Rung No. 6:Execute an internal audit to verify that procedures are in order for transferring accounting data into a correct number as conveyed in the template line items. This will consist of cash, receivables, inventory, and billings and collections audit, as well as an examination of the practice's internal control and general recordkeeping capabilities.

Rung No. 7: Assume the net income is repeatable, or, if not, show a pro forma of the rise and fall of revenue, EBITDA, and net income in an appropriate five-year spreadsheet.

Rung No. 8: Find the empirical cost of capital rate prevalent in the market from data available at either the Stern School of Business at New York University or Value Line.

Rung No. 9: Value the dental practice under one of four methods:

Method No. 1 - Net income margin against prior-year sales
Method No. 2 - Net income or the Warren Buffett approach
Method No. 3 - EBITDA or the free cash flow approach
Method No. 4 - Private equity approach using multiple rates on

EBITDA for private pay, Medicaid, or a combination of both Method Nos. 1 and 2 are appropriate for valuing solo practices and small groups. Method No. 4 is appropriate for large group practices with EBITDA of at least $2 million. Method No. 3 is not recommended. I concur with the observation about the shortcoming of EBITDA made by Warren Buffett:

"Trumpeting EBITDA is a particularly pernicious practice. Doing so implies that depreciation is not truly an expense, given that it is a 'non-cash' charge. That's nonsense. In truth, depreciation is a particularly unattractive expense because the cash outlay it represents is paid up front, before the asset acquired has delivered any benefits to the business. Imagine, if you will, that at the beginning of this year a company paid all of its employees for the next ten years of their service (in the way they would lay out cash for a fixed asset to be useful for ten years). In the following nine years, compensation would be a 'non-cash' expense - a reduction of a prepaid compensation asset established this year. Would anyone care to argue that the recording of the expense in years two through ten would be simply a bookkeeping formality?"1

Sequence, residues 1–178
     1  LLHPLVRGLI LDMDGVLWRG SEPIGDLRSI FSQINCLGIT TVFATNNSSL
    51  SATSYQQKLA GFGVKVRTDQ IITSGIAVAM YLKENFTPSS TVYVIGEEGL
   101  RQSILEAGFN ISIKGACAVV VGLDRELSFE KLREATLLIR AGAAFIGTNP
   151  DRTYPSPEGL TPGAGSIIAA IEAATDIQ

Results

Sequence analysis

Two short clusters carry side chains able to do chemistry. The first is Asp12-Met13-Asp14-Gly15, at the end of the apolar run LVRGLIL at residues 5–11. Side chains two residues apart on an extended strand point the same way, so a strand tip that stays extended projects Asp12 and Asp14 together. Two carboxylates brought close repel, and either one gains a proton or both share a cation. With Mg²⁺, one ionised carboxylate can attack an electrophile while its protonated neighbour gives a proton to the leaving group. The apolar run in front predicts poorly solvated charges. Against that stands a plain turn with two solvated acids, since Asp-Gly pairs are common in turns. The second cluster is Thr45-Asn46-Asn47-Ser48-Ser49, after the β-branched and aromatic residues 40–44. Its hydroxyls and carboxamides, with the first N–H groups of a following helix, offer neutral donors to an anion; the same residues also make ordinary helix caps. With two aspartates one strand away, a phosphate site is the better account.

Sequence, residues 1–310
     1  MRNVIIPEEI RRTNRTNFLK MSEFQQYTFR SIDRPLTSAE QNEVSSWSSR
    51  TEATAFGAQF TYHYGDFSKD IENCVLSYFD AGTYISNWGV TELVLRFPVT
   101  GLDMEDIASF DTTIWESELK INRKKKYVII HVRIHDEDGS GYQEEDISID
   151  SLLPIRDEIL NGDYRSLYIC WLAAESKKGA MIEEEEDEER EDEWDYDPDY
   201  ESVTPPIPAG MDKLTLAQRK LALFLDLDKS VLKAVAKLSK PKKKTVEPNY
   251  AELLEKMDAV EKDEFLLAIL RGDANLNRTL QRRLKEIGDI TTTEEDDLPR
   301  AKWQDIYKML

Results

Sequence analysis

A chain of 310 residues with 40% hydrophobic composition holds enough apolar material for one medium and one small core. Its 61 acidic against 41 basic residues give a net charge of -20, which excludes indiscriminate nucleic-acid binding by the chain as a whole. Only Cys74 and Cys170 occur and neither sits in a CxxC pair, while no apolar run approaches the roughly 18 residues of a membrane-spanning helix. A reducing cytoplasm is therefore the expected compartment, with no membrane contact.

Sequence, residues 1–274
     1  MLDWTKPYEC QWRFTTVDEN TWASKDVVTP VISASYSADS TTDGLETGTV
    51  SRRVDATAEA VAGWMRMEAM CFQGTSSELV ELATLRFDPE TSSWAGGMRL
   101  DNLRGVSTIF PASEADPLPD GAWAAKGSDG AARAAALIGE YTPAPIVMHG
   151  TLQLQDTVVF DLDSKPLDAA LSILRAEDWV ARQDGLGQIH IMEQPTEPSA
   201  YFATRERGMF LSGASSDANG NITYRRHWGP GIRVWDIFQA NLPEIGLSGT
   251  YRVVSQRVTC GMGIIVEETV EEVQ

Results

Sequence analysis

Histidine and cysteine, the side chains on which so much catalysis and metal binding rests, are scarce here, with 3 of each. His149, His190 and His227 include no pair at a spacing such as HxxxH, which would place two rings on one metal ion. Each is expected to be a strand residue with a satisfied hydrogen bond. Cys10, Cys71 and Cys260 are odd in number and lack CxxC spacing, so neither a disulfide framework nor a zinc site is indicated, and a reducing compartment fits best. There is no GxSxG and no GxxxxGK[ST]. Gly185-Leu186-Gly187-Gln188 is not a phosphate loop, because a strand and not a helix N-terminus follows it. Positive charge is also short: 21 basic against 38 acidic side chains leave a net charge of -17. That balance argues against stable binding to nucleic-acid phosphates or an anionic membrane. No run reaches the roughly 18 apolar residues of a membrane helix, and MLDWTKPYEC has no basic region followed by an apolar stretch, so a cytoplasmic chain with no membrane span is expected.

In summary, once the dental industry has dental practices reporting accurate and believable net income numbers and net income margins, accurate comparability across practices will follow and a more economically valid method of calculating the business valuation and sales price of dental practices can be instituted. With standardization of its financial reports confirmed by internal audit, dentistry will become part of the mainstream economy and no longer look like a mom-and-pop cottage industry with operating results up for grabs. Uniting the dental industry with the best of modern economics, modern accounting, and business management will guide the future of the business of dentistry in the right direction.

Editor's note: For an in-depth look at this topic, read Dr. Climo's 7,600-word white paper on the importance of dental financial standardization. Find it at Search: Climo.